I have enjoyed reading the blog conversation discussing the paradigm shift taking place in genealogy in the last couple of weeks. Michael Hait began the discussion with The Genealogy Paradigm Shift: Are bloggers the new "experts"?. There was a wonderful discussion that followed in the comments section. Marian Pierre-Louis wrote a great reply in Are Bloggers Really the New Experts? , Are Bloggers Really the New Experts Part 2 and Genre and Genealogy
The discussion really got me to thinking about how I fit into this picture. I am a thirty three year old mother of two young children. I have been researching my family since my junior year of college. I am a member of my local genealogy society. And I have been writing this blog for about 10 months.
I consider myself to be an intermediate level researcher. I do not have aspirations to become a professional genealogist. I am just as comfortable on the internet as in an courthouse or archive library. I have taken a genealogy vacation and believe in the importance of correctly citing your sources.
One of the biggest points I have taken away from the discussion is the importance to be aware that others are reading my blog. I know that the list of people on my blog as followers are not my family so I am assuming that you are a fellow genealogist. I do not know why you have chosen to read my blog but I would like to keep you as a reader. I do not plan on my blog being written at a professional level. My style of writing is basically the conversation I have with myself in my head. If you want to know more about my research, including citations, I would love for you to email me.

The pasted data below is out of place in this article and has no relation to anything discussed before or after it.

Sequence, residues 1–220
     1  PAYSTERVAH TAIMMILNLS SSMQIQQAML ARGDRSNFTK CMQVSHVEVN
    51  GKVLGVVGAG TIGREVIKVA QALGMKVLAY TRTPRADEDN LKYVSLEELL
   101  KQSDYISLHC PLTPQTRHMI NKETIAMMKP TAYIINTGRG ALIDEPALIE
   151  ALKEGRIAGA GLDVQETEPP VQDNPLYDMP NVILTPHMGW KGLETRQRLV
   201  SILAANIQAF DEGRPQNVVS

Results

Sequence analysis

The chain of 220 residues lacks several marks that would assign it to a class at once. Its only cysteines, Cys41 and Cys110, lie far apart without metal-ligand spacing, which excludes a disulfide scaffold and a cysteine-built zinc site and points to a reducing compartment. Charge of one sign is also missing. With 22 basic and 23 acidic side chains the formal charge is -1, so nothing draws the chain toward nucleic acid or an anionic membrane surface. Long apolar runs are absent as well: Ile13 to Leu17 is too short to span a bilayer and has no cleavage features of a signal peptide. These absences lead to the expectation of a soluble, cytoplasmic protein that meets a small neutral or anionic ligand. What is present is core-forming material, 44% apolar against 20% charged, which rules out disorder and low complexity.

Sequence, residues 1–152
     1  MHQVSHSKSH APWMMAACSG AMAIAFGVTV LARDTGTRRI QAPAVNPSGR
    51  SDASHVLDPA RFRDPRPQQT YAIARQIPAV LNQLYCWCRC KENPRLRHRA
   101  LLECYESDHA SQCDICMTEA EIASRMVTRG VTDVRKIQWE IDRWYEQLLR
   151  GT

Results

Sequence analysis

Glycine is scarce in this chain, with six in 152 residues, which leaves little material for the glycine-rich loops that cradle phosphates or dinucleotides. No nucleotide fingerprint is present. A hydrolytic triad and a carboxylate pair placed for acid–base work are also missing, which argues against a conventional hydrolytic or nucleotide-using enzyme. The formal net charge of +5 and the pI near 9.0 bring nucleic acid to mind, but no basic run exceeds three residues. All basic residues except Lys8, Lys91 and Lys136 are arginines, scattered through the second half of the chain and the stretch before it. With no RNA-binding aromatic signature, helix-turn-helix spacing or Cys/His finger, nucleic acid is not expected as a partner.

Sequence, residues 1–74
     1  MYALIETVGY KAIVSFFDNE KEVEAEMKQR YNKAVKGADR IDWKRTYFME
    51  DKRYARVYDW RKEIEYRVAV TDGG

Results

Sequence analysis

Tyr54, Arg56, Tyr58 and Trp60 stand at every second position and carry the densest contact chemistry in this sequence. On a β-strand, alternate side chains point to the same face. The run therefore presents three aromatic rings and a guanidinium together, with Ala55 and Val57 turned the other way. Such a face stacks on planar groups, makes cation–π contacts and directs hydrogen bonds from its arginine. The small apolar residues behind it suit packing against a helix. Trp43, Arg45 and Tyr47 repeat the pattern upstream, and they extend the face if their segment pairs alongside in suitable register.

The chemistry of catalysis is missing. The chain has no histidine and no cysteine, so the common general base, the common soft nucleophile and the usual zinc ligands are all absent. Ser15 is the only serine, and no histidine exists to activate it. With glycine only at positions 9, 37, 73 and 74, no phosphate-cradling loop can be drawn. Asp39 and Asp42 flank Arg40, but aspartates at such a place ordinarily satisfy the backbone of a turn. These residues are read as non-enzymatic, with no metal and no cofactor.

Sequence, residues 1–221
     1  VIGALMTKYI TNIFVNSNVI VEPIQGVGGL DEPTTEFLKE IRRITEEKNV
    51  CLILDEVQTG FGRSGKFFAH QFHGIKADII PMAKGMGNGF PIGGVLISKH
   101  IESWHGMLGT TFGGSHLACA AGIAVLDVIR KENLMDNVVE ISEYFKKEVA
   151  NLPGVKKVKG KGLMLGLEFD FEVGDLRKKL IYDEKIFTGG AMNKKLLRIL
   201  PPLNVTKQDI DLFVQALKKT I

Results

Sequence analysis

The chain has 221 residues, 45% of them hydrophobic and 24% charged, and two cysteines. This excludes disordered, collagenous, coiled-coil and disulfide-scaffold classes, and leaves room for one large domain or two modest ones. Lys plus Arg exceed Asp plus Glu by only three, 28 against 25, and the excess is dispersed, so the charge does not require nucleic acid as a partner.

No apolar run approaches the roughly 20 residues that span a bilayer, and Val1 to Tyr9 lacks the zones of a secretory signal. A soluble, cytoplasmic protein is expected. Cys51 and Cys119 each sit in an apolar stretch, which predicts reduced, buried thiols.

I have mentioned several times this year how this blog has changed my research. Some of the changes have come from the focus writing brings. Other changes have come from being a part of the blogging community and reading other genealogy blogs. Genealogy blogs have opened my eyes to the educational opportunities out there. In the last year, I have learned from individual blog posts, watched genealogy webinars, listened to genealogy radio and to genealogy pod casts, and read case studies that are posted online.
I do not consider myself perfect by any means. In fact, I have a dirty little genealogy secret. While I am careful to cite everything, I have never really kept a research log. I have kept some to-do lists but they in no way cut it. Over the years I have read over and over that research logs are one of the fundamentals of genealogy research. I have always looked at a research log as an extra step that just takes too much time and impeds any forward momentum when pausing to document the steps. I am learning this is not so.
I have recently watched Research Logs: Part 1 and Research Logs: Part 2 available on FamilySearch.org. I have also looked at the research logs available on Google Docs in the forms section. I have taken parts of each to create my own digital research log in excel.
So by this time I am sure that you are wondering how on earth this is all going to tie in to my New Year's Resolution. I just want to say that I am listening to the call to "lead by example" as Marian Pierre-Louis says or "put your best face forward" as Michael Hait commented. I am going to start keeping a detailed research log as my New Year's resolution. I am going to be a better genealogist and hopefully help influence someone else who is reading my blog to be a better researcher too.